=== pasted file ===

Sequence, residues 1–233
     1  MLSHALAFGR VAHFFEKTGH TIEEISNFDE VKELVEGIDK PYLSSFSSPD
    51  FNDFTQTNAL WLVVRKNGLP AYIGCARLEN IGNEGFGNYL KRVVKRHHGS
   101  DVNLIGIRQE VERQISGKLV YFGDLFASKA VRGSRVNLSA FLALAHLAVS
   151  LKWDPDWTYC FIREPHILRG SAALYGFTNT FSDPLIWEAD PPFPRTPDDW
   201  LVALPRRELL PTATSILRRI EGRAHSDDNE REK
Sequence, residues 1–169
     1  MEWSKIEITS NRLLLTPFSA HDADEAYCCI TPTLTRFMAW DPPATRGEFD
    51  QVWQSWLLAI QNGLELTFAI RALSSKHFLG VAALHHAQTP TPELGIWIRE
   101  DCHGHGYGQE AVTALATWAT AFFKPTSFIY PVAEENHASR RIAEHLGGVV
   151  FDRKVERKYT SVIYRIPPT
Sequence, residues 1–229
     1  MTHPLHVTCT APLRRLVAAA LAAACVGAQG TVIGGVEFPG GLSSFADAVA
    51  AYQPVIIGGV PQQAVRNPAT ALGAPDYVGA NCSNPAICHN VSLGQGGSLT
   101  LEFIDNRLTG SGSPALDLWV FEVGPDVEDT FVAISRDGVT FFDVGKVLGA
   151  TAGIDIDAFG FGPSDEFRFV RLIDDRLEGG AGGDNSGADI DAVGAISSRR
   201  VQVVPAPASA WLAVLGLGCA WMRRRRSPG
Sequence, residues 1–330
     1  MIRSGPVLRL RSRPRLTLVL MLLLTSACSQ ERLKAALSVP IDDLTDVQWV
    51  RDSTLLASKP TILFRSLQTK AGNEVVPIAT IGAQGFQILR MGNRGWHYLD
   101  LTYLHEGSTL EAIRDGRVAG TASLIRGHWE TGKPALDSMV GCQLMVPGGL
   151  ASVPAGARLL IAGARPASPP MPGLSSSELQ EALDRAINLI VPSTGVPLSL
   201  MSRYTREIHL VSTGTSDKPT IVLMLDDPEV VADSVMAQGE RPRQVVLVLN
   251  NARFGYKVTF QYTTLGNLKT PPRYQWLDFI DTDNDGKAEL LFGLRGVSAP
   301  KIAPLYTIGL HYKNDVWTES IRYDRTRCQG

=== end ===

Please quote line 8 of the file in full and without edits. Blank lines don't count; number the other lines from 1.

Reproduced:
     1  MEWSKIEITS NRLLLTPFSA HDADEAYCCI TPTLTRFMAW DPPATRGEFD